7. Anti-spray fluid dispensing nozzle as defined in claim 1, wherein said supply conduit comprises a relieved section on an internal wall thereof to allow the closure member of said first flow control valve to move in said supply conduit without interfering with the internal wall of said supply conduit.
8. Anti-spray fluid dispensing nozzle as defined in claim 7, wherein said relieved section is bordered at one end by a tapered portion forming the valve seat of said first flow control valve.
9. Anti-spray fluid dispensing nozzle as defined in claim 7, wherein said supply conduit comprises an inlet port communicating with the source of pressurized fluid, in said relieved section.
10. Anti-spray fluid dispensing nozzle as defined in claim 1, wherein said supply conduit includes an end section which is tapered defining a discharge orifice of the fluid dispensing nozzle, said tapered section also forming the valve seat of said second flow control valve.
11. Anti-spray fluid dispensing nozzle as defined in claim 1, wherein said actuator mechanism is a pneumatic piston-cylinder assembly.
12. Anti-spray fluid dispensing nozzle as defined in claim 2, wherein said stop means is positioned on said actuating rod between said closure members, the distance defined between said stop means and the closure member of said second flow control valve being less than the distance defined between the valve seats of said flow control valves.
13. Anti-spray fluid dispensing nozzle as defined in claim 12, wherein said fluid supply conduit is generally vertically oriented.
14. Anti-spray fluid dispensing nozzle as defined in claim 13, further comprising a resilient member mounted on said actuating rod above the closure member of said first flow control valve for urging said first flow control valves downwardly when said actuating rod is moved to effect closure of said flow control valves.
15. Anti-spray fluid dispensing nozzle as defined in claim 14, wherein said resilient member is a coil spring.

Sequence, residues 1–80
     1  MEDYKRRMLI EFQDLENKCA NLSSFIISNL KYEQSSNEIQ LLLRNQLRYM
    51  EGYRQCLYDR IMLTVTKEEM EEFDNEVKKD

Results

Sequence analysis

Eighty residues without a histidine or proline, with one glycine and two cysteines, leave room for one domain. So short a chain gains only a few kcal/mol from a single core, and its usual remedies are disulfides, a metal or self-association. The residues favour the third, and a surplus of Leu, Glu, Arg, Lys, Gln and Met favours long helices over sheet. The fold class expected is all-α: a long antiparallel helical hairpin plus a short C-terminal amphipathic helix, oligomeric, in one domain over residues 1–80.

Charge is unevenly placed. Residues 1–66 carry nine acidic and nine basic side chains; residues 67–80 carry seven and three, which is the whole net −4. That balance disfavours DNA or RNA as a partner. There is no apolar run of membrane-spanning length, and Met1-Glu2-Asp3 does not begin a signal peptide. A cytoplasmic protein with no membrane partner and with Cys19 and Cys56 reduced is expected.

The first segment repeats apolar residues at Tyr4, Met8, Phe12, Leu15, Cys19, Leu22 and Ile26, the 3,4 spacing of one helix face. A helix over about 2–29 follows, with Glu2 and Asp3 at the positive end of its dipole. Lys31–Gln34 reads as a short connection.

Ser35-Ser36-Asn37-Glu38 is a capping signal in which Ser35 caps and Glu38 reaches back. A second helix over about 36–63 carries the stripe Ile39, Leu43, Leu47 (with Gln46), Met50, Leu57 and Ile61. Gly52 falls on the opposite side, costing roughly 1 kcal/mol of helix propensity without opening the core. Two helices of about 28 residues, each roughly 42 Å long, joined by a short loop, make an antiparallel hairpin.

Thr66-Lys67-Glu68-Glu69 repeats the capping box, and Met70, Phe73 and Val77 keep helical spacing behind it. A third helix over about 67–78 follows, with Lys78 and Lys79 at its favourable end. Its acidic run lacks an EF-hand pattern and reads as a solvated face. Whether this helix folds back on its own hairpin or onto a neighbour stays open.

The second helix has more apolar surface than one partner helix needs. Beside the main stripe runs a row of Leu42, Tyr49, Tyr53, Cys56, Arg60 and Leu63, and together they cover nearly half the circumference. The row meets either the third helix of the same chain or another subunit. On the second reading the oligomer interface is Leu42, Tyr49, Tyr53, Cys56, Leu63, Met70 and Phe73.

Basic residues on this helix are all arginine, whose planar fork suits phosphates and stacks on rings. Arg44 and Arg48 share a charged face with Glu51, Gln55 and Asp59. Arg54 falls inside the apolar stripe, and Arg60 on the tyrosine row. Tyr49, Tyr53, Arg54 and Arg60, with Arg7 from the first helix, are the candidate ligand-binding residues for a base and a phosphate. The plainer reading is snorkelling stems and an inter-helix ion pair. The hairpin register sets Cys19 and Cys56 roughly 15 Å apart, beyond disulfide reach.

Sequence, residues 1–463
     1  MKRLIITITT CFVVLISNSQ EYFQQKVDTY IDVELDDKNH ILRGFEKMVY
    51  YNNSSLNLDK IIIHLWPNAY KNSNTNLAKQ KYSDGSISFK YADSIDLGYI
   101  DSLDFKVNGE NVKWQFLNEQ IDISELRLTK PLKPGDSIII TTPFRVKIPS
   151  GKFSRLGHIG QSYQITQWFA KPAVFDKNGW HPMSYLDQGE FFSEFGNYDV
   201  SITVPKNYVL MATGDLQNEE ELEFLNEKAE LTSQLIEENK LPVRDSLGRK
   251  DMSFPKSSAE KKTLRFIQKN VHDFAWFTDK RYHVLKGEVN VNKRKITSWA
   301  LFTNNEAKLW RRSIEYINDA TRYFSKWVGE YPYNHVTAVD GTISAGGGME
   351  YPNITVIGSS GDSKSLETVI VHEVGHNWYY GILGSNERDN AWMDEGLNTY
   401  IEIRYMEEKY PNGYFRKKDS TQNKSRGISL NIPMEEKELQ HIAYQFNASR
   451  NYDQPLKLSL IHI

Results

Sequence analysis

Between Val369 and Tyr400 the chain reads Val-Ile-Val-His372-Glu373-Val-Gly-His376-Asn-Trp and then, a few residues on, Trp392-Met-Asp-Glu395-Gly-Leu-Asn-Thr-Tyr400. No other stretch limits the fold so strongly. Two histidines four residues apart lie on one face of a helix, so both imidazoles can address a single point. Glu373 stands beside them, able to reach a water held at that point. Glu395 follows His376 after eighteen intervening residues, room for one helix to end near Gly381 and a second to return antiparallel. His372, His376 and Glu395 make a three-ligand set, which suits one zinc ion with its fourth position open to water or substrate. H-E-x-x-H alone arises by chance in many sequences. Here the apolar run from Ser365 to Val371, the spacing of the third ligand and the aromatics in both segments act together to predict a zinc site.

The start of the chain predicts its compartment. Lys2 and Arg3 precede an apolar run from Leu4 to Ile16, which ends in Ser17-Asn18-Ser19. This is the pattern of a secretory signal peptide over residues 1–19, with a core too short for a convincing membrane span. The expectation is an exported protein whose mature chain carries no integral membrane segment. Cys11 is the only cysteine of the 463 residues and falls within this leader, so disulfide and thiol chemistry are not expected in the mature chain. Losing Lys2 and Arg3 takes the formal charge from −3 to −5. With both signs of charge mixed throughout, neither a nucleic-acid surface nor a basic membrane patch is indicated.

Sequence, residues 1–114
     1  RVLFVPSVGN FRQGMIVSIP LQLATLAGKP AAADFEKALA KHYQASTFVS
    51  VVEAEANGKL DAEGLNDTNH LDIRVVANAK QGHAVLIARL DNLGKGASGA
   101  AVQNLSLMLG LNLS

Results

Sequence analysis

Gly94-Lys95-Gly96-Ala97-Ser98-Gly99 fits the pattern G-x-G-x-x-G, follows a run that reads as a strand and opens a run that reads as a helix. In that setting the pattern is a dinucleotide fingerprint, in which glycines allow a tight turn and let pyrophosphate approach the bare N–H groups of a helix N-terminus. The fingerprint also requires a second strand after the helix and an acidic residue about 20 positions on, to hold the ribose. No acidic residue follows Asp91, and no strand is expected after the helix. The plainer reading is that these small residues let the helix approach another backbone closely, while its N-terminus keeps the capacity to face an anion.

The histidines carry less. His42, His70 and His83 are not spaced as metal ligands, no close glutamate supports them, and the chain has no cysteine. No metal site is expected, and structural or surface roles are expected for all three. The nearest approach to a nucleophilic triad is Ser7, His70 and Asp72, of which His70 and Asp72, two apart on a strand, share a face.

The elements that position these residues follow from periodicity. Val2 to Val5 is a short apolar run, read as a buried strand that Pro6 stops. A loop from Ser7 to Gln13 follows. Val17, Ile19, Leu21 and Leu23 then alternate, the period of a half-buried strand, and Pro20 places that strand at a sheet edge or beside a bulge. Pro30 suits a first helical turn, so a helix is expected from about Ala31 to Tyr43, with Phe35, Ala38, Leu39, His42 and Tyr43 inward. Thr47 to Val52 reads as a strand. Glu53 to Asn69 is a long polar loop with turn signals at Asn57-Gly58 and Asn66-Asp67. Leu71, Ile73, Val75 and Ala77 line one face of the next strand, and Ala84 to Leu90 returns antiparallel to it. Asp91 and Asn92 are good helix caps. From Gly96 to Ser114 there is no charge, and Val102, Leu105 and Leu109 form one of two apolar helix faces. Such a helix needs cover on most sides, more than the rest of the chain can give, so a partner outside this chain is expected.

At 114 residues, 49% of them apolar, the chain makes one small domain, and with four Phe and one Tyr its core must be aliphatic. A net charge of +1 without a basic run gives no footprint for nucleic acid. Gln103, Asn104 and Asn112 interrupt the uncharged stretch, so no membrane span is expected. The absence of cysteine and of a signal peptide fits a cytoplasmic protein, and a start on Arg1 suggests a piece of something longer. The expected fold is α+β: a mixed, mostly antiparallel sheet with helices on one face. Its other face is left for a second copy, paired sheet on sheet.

Description
FIELD OF THE INVENTION

The invention relates to the general field of fluid dispensing equipment, more particularly, to an anti-spray fluid dispensing nozzle in filling open top containers.

BACKGROUND OF THE INVENTION

Container filling on an industrial scale is usually performed by automatic filling machines which are capable to repeatedly dispense with high accuracy a predetermined amount of flowable material into individual containers. Commercially available automatic filling machines normally comprise a conveyor belt advancing open top empty containers in a serial order through a filling station and subsequently through a capping station for sealing the containers. For applications where the containers are processed one by one, the filling station comprises a single fluid dispensing nozzle operating in a timed relationship with the containers feed rate. The nozzle comprises an elongated and vertically disposed fluid supply conduit with a discharge port at its lower end. The fluid feed to the supply conduit is achieved through a lateral inlet port located in proximity to the upper end of the supply conduit. The fluid flow through the supply conduit is controlled by a simple valve mechanism for opening or closing the discharge port. The valve mechanism includes a movable closure member coupled to an elongated actuating rod mounted for linear movement within the supply conduit. A pneumatic piston-cylinder assembly supported on the supply conduit selectively displaces the closure member, by the intermediary of the actuating rod, between valve closed and valve opened positions.

The first step of the container filling cycle consists of lowering the filling nozzle within the container to bring the discharge port in proximity to the container bottom. The valve of the nozzle is opened to initiate the fluid delivery and simultaneously the nozzle is lifted out of the container at a rate corresponding to the rate at which the fluid level in the container rises, in order to prevent the lower end of the nozzle to be submerged in the accumulating fluid mass. When the predetermined amount of fluid has been delivered, the valve of the nozzle is closed, terminating the filling cycle.

It has been observed that during the valve closing at the end of the filling cycle, a spray or splasing of fluid may occur. The reason for such spraying has been traced to a very high fluid velocity which develops through the valve immediately before the fluid tight engagement between the closure member and the valve seat is achieved to completely interrupt the fluid flow. Such fluid spray which may also occur when the valve opens to initiate the fluid delivery is highly undesirable because fluid droplets may be projected outside the container necessitating an extensive cleaning of the filling machine. In addition, the fluid spray may project fluid on the outside surface of the container which renders the container unacceptable for further processing.

OBJECT AND STATEMENT OF THE INVENTION

An object of the present invention is a fluid dispensing nozzle capable to deliver precise amounts of fluid into a container or receptacle without causing fluid splashing or spraying at the completion of the fluid dispensing cycle.